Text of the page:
Donald Trump is the oil and gas industry’s undisputed top pick for the Republican presidential nomination as energy sector donors shower his candidacy with nearly 10 times the amount of money as they gave his challenger Nikki Haley.
And forget about President Joe Biden. Despite record oil production and profits during his White House tenure, industry donors have given very little — just $635,000 — to his reelection bid compared with the $7.37 million they bestowed on Trump, according to an analysis from OpenSecrets.
Oil and gas is now one of the top industries funding Trump’s 2024 run and a critical source of cash for his White House comeback bid, as other major donors — particularly in finance, private equity and venture capital — have opted instead to back his last remaining GOP rival Haley.
The staunch support from oil and gas producers wasn’t preordained. Last summer and fall, as Trump faced a crowded field of challengers, oil industry donors were sprinkling money on his rivals, including Haley, Florida Governor Ron DeSantis and others. But as the year progressed and Trump’s lock on the nomination seemed more likely, donors lined up behind the former president.
Continental Resources Inc. co-founder Harold Hamm made several donations to both Haley and DeSantis last spring and summer, after saying he didn’t believe Trump could win the 2024 election. By August, he had changed his mind and cut a check to Trump’s campaign, followed by an additional $200,000 in November to Make America Great Again Inc., the super political action committee supporting the Republican frontrunner.
Trump and his allied political action committees also received contributions from other major industry donors in late 2023, including Geosouthern Energy Corp.’s George Bishop, and Tim Dunn, an oil tycoon who heads Crownquest Operating LLC. Dunn sent a $5 million check to Trump’s super PAC in December.
Other donors to Trump’s reelection effort in the fourth quarter were Kelcy Warren, chairman of Energy Transfer LP; Karen Herbst, a longtime land and minerals manager in Texas; and Kent Hance, a former member of the Texas Railroad Commission, the agency which regulates oil and gas in the state.
Haley has seen some interest from oil and gas donors, including Bryan Sheffield, the founder of Parsley Energy Inc.; his father, shale titan Scott Sheffield; and oil industry veteran Tucker Bridwell. She has raised $807,000 from the energy industry. By contrast, she has shined on Wall Street, where major finance donors, including Citadel’s Ken Griffin, investor Stan Druckenmiller and Elliott Investment Management’s Paul Singer have united behind her candidacy instead of Trump.
Biden-era energy boom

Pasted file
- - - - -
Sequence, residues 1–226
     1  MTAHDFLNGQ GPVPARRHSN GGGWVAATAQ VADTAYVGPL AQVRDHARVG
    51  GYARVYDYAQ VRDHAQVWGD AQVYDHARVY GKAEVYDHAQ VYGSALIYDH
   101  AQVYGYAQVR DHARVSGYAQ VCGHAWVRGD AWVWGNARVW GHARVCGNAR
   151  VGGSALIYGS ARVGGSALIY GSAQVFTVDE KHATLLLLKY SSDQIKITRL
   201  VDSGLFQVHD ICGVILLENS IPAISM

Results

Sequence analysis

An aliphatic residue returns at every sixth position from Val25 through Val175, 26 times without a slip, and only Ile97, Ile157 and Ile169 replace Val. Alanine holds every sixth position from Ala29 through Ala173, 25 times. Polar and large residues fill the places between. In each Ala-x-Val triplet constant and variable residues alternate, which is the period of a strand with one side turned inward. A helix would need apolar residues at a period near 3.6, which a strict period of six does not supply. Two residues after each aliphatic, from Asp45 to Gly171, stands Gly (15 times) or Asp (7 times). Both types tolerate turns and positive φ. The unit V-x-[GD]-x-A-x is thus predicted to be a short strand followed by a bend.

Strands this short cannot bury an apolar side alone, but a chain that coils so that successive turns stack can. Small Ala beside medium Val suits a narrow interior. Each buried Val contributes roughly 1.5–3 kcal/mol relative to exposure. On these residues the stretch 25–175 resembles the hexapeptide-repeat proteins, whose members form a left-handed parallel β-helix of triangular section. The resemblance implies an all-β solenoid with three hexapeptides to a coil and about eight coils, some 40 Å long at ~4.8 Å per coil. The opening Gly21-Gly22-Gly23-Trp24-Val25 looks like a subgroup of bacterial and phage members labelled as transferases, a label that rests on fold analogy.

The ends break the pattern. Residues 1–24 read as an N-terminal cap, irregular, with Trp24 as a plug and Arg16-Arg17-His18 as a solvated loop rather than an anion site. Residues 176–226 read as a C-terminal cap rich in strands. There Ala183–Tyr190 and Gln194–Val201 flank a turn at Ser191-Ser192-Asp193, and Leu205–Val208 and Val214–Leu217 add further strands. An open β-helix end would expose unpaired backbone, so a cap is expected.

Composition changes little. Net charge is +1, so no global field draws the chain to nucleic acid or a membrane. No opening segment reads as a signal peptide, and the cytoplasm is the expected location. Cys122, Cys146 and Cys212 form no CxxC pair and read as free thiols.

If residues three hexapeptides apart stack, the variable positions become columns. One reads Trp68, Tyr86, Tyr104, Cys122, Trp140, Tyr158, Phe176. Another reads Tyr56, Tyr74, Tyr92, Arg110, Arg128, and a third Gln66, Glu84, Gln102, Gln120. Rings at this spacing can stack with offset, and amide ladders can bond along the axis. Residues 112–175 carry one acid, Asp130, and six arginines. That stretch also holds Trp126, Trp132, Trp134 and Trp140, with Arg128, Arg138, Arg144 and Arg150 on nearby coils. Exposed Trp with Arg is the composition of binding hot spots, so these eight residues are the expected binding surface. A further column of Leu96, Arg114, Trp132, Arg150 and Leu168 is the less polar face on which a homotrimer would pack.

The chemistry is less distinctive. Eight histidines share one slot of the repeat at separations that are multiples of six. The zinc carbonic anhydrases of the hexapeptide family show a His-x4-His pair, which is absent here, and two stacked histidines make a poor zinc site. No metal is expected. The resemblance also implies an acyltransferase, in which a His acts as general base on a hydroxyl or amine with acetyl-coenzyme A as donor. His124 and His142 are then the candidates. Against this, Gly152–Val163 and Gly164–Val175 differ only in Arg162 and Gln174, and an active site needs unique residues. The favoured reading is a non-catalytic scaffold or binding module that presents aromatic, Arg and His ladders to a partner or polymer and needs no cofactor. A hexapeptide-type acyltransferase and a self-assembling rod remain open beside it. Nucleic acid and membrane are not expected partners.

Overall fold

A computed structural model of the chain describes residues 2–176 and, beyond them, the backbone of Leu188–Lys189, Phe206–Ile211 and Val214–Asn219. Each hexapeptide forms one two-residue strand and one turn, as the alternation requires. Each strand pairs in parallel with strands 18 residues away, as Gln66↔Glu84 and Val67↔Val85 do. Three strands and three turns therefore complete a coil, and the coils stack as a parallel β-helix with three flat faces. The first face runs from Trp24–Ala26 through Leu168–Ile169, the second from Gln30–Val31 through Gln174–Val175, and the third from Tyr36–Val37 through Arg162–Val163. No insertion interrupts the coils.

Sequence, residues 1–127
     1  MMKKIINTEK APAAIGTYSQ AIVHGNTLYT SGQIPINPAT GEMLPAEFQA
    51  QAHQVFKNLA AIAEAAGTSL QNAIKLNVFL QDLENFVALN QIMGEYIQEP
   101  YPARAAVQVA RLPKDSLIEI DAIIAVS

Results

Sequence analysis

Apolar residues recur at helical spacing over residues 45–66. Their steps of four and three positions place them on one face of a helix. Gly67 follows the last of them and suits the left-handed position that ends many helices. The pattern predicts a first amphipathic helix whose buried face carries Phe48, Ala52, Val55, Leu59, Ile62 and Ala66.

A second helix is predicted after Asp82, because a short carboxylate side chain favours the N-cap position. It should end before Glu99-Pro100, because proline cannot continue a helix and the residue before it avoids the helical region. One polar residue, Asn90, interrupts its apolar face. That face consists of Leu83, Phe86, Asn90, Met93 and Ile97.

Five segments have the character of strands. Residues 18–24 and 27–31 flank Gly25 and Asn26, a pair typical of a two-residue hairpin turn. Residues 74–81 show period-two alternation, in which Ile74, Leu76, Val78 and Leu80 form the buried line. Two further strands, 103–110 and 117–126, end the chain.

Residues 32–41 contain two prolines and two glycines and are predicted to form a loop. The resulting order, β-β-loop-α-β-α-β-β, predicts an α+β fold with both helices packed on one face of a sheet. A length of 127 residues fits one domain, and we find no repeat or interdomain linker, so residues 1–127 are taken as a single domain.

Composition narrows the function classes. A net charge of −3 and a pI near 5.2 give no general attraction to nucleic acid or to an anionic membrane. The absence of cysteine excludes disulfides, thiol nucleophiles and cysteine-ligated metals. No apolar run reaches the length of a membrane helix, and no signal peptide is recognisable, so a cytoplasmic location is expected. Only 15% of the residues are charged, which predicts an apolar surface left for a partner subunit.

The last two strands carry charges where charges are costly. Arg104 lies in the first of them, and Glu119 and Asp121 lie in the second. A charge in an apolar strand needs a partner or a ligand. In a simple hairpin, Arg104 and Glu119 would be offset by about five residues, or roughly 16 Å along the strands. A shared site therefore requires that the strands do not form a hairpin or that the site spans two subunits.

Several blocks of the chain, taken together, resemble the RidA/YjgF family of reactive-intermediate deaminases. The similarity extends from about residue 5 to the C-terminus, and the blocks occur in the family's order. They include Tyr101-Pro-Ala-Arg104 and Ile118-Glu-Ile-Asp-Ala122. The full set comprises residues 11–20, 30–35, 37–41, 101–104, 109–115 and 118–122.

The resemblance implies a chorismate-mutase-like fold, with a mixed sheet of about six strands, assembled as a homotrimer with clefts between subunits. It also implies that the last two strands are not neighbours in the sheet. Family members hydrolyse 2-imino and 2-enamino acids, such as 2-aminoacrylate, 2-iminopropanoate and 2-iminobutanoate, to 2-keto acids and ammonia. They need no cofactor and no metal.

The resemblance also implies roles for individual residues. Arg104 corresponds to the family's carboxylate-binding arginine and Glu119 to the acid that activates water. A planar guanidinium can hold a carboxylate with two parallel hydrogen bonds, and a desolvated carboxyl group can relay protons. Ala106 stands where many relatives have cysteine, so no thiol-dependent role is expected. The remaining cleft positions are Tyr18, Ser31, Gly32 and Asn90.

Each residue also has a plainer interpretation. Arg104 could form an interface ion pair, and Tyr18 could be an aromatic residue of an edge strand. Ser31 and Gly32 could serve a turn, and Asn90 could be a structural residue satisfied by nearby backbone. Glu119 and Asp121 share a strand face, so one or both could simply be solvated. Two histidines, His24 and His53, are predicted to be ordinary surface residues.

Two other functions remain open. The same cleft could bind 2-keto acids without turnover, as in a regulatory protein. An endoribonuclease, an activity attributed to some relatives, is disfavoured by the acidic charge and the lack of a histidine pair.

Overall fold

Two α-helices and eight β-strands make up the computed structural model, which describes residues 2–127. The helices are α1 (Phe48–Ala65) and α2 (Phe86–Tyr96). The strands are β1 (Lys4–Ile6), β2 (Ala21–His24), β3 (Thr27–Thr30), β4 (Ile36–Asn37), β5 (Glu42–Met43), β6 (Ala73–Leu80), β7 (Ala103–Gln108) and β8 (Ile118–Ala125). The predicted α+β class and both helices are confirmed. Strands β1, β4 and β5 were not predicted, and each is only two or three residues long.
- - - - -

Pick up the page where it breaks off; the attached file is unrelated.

Biden has done more than any other U.S. president to confront climate change and promote renewable energy, making him an unlikely commander-in-chief to preside over a domestic oil and gas boom. Biden’s support for emission-free power — and policies targeting oil and gas pollution — have discouraged donors.
Yet U.S. production and exports of oil and gas have surged under Biden’s watch, with the nation producing a record 13.3 million barrels of crude a day in November — up from some 11 million barrels per day in 2020 before he took office.
Exports of oil and gas have also climbed, with the country shipping nearly twice as much natural gas overseas last year compared with 2020, before Biden took office.
Oil industry leaders say the uptick comes in spite of Biden’s policies, not because of them. They point to measures encouraging electric vehicle sales, fees on methane emissions and a restrictive plan for selling new drilling rights in the Gulf of Mexico. Biden’s pause on permitting more liquefied natural gas exports have also cast doubt on proposed ventures along the US Gulf Coast.
All of those initiatives would likely get a rewrite under a Republican president. Trump has pledged to “drill, baby, drill” on his first day in office.
Even so, Trump was an unpredictable oil industry ally during his first term. His administration dialed back Obama-era regulations targeting industry pollution and encouraging zero-emission competitors to fossil fuels — measures cheered on by oil and gas enthusiasts. But Trump also prodded the Organization of Petroleum Exporting Countries to boost output and blocked new offshore oil leasing near southeast US states in a bid to woo voters before the 2020 election.
Trump’s fickle approach to policy has prompted quiet wariness from oil and gas industry donors — one reason some of them steered their dollars to Haley and DeSantis earlier in the primary season. But if the recent flow of money is any indication of whose policies will favor the industry, Trump has the edge.
“Big energy donors may have qualms about Trump’s legal troubles or his bombastic style,” said Canary Drilling Services LLC Chief Executive Officer Dan Eberhart. “But there’s not much daylight between them when it comes to energy policy.”